“Today” co-host Craig Melvin questioned Biden about his big spending proposals — including $2.3 trillion on infrastructure and $1.8 trillion on education, child care and paid family leave. Melvin asked the president why he’s pushing for such spending and new taxes on the wealthy while the economy is still recovering from the pandemic recession.

“That's the reason why it's recovering — because we're investing,” Biden asserted. “Look how rapidly it's recovered since we passed the last piece of legislation. And that legislation was $1.9 trillion. If we don't invest in this country … we're going to fall behind even further.”

The president said his infrastructure proposal, also known as the American Jobs Plan, is needed because “there's certain things only the government can do.”

“We rank No. 8 in the world in terms of infrastructure, for God's sake,” Biden said. “Is the private sector going to go out and build billions of dollars worth of highways, ports, airports, bridges? Are they going to do that?”

Biden gave the NBC interview a day after he delivered his first address to a joint session of Congress. Following that speech, Sen. Tim Scott of South Carolina gave the Republicans’ rebuttal, in which he said “America is not a racist country” and accused Democrats of using race as a “political weapon.” Scott is the only Black Republican in the Senate.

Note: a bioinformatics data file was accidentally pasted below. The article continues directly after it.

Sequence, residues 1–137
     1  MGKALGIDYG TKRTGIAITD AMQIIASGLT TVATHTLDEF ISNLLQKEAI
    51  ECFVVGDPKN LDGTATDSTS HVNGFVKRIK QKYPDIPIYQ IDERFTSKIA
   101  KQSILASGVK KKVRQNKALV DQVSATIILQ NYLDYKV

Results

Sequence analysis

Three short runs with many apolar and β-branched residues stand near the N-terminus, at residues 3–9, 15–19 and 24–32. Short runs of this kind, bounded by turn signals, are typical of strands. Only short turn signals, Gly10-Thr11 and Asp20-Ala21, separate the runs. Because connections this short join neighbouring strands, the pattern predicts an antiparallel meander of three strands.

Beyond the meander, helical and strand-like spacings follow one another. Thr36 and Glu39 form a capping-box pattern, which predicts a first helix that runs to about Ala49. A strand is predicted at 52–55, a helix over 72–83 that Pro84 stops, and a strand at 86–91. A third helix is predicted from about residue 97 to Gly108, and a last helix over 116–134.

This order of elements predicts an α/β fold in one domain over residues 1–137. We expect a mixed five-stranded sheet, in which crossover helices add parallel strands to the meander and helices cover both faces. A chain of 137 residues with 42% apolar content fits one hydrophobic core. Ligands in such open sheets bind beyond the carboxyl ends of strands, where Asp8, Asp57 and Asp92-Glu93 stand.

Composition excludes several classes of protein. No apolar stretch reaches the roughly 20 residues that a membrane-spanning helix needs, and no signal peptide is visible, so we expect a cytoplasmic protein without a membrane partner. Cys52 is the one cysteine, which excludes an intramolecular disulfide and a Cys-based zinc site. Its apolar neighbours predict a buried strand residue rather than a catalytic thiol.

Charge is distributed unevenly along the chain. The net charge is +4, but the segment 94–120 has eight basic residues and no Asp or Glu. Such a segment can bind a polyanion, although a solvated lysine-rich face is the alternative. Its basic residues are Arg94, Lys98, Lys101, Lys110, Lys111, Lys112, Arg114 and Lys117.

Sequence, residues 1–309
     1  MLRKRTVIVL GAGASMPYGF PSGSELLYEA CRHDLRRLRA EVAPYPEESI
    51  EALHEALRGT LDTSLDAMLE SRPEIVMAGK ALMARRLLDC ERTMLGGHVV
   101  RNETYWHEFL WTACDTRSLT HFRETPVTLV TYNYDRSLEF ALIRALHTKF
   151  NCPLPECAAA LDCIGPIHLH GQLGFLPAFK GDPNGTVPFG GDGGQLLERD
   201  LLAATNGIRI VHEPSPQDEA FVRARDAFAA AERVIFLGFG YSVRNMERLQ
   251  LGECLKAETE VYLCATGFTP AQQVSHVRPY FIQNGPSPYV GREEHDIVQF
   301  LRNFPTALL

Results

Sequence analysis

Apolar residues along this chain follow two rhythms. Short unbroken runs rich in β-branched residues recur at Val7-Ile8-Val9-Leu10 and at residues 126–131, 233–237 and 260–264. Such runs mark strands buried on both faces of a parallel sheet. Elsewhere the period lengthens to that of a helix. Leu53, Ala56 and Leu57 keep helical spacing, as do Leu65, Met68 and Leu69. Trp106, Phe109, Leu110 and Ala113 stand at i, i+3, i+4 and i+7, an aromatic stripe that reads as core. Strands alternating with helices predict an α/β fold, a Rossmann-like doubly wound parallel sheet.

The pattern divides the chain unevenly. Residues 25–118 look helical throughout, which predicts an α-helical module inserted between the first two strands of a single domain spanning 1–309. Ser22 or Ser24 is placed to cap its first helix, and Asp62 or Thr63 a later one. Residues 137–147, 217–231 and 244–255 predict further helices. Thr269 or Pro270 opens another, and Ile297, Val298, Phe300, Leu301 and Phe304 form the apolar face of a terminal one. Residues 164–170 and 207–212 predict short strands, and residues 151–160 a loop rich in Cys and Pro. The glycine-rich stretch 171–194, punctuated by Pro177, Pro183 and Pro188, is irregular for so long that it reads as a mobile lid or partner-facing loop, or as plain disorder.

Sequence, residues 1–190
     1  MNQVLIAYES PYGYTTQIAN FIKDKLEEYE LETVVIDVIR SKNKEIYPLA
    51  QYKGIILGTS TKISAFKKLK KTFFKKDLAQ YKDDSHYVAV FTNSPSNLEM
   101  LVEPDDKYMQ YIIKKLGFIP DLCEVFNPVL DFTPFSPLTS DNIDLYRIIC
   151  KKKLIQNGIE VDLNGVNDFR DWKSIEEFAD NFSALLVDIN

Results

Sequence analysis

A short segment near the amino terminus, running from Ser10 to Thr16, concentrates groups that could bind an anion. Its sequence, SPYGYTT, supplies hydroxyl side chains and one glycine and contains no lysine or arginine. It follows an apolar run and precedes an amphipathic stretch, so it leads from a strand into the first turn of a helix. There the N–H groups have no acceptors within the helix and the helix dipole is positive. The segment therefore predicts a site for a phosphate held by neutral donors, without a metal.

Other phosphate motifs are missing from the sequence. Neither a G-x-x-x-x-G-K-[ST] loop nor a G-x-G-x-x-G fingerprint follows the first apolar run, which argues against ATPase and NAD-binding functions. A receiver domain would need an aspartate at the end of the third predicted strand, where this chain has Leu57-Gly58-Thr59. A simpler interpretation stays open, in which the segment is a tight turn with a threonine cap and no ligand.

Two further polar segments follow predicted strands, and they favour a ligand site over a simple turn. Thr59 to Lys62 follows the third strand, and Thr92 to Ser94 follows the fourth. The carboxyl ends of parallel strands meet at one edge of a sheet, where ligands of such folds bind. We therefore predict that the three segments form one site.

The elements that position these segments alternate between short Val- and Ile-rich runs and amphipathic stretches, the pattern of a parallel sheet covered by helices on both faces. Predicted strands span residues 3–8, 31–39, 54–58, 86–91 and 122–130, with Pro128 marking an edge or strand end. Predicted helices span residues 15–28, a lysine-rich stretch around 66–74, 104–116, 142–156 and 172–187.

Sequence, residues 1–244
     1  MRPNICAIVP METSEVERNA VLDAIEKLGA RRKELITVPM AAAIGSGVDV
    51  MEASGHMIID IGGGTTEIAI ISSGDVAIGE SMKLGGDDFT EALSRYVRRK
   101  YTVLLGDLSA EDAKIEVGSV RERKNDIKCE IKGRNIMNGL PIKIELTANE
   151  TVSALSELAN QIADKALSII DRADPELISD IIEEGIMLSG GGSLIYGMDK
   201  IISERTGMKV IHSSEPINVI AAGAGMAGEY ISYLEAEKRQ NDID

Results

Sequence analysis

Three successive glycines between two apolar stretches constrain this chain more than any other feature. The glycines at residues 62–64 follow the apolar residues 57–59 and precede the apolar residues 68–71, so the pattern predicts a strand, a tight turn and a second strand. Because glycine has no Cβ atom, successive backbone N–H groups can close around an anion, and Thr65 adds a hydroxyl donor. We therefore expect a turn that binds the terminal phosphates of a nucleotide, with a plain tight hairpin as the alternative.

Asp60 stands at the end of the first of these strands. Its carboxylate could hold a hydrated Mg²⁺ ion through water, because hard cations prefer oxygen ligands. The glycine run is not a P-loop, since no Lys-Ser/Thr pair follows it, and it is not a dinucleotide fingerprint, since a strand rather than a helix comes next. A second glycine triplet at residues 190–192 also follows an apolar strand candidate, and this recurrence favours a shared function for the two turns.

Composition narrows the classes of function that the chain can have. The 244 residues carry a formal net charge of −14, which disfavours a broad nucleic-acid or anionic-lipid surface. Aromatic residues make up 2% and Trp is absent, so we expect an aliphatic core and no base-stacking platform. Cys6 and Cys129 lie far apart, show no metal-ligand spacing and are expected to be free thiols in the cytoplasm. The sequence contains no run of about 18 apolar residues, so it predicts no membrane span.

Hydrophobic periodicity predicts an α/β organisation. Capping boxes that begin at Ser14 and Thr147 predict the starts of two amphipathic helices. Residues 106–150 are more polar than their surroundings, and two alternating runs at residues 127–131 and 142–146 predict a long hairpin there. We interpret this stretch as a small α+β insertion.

Asked about Scott’s comments, Biden said he doesn’t believe the American people are racist, but that the country is still working to overcome its racist past.

“I think after 400 years, African Americans have been left in a position where they're so far behind the eight ball in terms of education, health, in terms of opportunity,” he said. “I don't think America is racist, but I think the the overhang from all of the Jim Crow and, before that, slavery have had a cost, and we have to deal with it.”

Biden was joined for part of the interview by his wife. When the conversation turned to pets — including dog Major’s White House biting incidents — Jill Biden confirmed the first family will soon add a cat.

The first lady said a cat is “waiting in the wings,” but provided few details. She did reveal the cat is a female and that Major underwent training in which he was exposed to cats in a shelter. 

“He did fine,” she said.

The president noted that cat was not his idea.